The Long and Short
Fair Value Thoughts on New Jumbo Verizon Deal
Meredith Contente | March 12, 2021
This document is intended for institutional investors and is not subject to all of the independence and disclosure standards applicable to debt research reports prepared for retail investors.
Verizon Communications Inc. (VZ) recently tapped the market once again to fund the remaining $36 billion in spectrum licenses that it had not already financed. Despite overwhelming demand for the 9-part deal, it priced with a modest concession to secondary bonds, leaving some room for upside. Moody’s expects that the additional debt will extend the company’s deleveraging time horizon, and the rating agency lowered their outlook from positive to stable while reaffirming its Baa1 rating.
The deal was announced after the market close on Wednesday night, and by early morning the book size was already at $40 billion. Fast forward a couple of hours and the books grew to over $115 billion. The initial deal size was expected to be in the $20-to-$25 billion range, with $25 billion launching just after noon, making it the largest investment grade bond deal year-to-date. The potential spread upside available is anywhere between 8- to-14 bp across the curve (Exhibit 1).
Exhibit 1. VZ New Issue Launch/Fair Value Spreads
5G the Path Forward
Management spent the large portion of its investor day discussing the importance of 5G and why it was imperative to spend $53 billion for additional C-Band spectrum. VZ launched its nationwide 5G dynamic spectrum sharing (DSS) network in October 2020 with coverage in over 1,800 cities, covering more than 200 million of the US population. VZ ended 2020 with 60+ 5G ultra wideband (UW) mobility cities and 10+ 5G UW home cities. The 5G UW service provides for download speeds that are 2x faster than 4G and can handle data volumes 100x larger than previous capabilities. Additionally, VZ noted that its 5G UW speeds are faster than wired broadband. In the age of COVID, with both work and education still largely remote in certain areas, faster speeds can mean more productive employees and students, no matter the location. Furthermore, VZ will see a significant improvement in capital efficiency from a cost/MHz perspective as more people adopt 5G enabled phones such as the iPhone 12. That said, 5G will add to both growth opportunities and improve cash flow generation in 2021.
As the top bidder in the C-Band Spectrum auctions, VZ noted that they more than doubled their existing mid-band spectrum holdings. VZ was successful in securing 140-200 MHz of C-Band spectrum in every available market. As such, management noted that over the next 12 months, they expect to have incremental 5G bandwidth to 100 million people in the initial 46 markets, with coverage expecting to increase to more than 250 million people by 2024. Not only is the C-Band spectrum important to VZ’s 5G expansion, but management noted that it also provides for more roaming opportunities and improved economies of scale as C-Band is a widely used spectrum across the world.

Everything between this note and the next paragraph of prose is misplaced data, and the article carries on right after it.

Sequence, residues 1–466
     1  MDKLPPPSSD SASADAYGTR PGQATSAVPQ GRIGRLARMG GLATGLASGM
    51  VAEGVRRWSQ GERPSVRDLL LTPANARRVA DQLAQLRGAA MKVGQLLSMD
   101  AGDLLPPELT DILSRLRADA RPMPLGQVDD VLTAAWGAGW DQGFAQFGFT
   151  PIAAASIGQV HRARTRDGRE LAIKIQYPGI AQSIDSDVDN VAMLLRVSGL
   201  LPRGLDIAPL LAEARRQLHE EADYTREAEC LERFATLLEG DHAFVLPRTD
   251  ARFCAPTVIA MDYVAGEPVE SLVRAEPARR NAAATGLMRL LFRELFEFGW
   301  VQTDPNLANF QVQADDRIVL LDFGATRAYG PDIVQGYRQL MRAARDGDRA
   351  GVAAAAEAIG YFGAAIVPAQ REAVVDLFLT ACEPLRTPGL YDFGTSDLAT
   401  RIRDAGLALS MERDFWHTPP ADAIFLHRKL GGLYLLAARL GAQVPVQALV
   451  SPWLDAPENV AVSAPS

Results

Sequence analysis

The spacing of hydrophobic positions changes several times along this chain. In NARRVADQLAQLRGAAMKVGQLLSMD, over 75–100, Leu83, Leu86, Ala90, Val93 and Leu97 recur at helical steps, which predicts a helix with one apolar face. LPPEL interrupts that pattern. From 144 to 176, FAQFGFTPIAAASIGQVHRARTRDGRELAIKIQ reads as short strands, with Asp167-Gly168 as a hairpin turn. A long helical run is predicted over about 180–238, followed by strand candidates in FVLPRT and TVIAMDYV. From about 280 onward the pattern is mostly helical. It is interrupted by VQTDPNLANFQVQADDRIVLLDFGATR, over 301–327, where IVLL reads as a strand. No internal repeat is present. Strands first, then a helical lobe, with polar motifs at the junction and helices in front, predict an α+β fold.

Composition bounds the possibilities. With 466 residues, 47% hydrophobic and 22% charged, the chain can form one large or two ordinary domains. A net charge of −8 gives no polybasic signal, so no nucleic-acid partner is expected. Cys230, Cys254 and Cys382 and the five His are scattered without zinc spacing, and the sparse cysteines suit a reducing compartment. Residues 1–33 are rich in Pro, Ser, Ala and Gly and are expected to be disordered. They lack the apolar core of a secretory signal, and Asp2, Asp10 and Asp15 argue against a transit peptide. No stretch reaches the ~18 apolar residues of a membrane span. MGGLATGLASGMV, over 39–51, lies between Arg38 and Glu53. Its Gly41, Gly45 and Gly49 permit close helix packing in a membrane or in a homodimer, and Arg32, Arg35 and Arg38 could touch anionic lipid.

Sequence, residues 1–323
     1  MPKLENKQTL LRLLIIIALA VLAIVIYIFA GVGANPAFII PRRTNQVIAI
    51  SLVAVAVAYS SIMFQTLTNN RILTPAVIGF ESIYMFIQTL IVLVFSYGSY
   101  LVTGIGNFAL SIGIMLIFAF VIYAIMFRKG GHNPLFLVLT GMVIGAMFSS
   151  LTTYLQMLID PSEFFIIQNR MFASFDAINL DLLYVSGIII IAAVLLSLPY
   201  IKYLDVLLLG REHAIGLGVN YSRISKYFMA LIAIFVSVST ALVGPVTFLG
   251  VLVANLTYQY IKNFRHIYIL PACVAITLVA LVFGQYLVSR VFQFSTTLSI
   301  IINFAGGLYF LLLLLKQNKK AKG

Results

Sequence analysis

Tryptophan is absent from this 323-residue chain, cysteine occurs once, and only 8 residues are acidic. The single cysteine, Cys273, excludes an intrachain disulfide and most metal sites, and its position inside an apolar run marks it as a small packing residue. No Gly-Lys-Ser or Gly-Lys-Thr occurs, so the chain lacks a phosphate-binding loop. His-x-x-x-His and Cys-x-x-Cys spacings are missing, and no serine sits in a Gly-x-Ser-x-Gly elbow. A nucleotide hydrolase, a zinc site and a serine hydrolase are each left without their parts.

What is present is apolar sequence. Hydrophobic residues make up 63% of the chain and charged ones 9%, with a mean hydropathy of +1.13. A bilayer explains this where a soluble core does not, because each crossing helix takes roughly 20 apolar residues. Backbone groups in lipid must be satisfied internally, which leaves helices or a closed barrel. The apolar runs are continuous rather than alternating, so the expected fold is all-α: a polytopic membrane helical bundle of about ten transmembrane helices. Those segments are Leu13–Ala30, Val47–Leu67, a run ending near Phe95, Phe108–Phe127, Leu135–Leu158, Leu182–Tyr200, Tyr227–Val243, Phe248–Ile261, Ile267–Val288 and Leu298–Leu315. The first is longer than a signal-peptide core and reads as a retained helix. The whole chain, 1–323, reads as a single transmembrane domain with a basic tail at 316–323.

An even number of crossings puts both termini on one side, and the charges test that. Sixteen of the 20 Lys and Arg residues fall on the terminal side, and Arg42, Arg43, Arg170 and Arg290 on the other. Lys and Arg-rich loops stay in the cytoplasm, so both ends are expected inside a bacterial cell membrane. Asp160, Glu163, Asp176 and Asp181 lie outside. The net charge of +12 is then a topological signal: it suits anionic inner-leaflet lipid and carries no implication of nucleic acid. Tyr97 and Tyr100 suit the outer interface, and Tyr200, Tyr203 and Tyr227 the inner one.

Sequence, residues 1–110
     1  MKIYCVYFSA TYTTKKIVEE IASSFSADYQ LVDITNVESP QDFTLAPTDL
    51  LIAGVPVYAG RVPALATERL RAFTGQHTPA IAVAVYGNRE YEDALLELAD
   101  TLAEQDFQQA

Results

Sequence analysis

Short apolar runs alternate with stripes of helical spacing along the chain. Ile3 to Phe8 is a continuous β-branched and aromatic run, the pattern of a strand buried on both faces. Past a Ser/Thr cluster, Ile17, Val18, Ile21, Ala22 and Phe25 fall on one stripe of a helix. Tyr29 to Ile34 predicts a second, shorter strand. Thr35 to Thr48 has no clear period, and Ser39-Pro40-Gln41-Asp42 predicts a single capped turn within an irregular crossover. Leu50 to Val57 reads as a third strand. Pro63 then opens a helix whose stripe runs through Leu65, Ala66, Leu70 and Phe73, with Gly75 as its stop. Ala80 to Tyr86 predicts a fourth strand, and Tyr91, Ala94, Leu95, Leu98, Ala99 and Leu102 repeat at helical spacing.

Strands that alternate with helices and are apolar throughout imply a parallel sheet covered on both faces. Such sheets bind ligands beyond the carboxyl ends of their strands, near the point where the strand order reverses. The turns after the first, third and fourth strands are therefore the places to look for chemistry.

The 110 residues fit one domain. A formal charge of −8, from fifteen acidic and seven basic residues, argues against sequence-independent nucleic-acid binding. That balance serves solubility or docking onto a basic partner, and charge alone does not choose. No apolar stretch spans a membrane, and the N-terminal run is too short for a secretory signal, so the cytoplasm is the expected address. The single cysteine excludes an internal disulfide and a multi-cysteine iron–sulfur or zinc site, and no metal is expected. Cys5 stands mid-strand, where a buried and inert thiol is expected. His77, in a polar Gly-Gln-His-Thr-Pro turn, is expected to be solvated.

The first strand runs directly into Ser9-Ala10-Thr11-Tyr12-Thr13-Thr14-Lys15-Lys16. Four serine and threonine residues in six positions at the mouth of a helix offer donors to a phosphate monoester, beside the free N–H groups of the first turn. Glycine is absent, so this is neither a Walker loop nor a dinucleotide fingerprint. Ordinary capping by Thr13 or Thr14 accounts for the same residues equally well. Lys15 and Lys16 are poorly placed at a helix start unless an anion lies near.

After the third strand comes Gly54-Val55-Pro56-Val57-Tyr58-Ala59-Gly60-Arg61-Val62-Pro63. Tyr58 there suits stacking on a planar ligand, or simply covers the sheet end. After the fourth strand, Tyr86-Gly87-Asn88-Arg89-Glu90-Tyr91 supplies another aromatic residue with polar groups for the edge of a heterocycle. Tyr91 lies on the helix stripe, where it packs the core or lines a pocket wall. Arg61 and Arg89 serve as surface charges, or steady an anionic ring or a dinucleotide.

Moody’s Revises Outlook to Stable
Moody’s revised its positive outlook to stable while affirming its Baa1 rating, noting that the debt funded spectrum investments will extend the company’s deleveraging time horizon beyond what Moody’s felt was consistent with its positive outlook. While VZ remains publicly committed to debt reduction and has a net leverage target range of 1.75x-2.0x, with the new debt deal, net leverage is expected to increase to 2.8x in 2021, up from 2.0x at year-end 2020. Moody’s believes it will now take VZ roughly four years to return to the high end of its net leverage target. Moody’s noted that its stable outlook reflects its expectation that VZ will continue to deliver on strong revenue, EBITDA and cash flow growth which should help the company to bring its adjusted leverage to 3.0x by year-end 2023. According to Moody’s, VZ’s adjusted leverage will likely peak at 3.5x at year-end 2021.
S&P and Fitch Maintain Existing Ratings and Outlooks
S&P reaffirmed VZ’s BBB+ rating and stable outlook noting that while leverage is likely to rise close the agency’s downgrade trigger of 3.25x in 2021, they remain confident that VZ can reduce leverage over time. S&P noted that VZ benefits from a steady subscription-based revenue stream which underpins its stable outlook. Despite higher levels of capital expenditures over the next 3-4 years, EBITDA should remain strong as it derives nearly 90% of total EBITDA from the wireless business. That said, leverage will begin to decline over the same time frame. Additionally, Fitch also affirmed its A- rating with a stable outlook given management’s commitment to use excess cash flow after dividends over the next 3-4 years to bring leverage closer to the company’s net leverage target. That said, Fitch does not anticipate any share repurchase activity during this time frame as management has been vocal about not resuming share repurchases until it reaches its leverage target. Despite a competitive wireless market, Fitch believes VZ remains in a strong competitive position, given its high EBITDA margins, low churn and vast national coverage.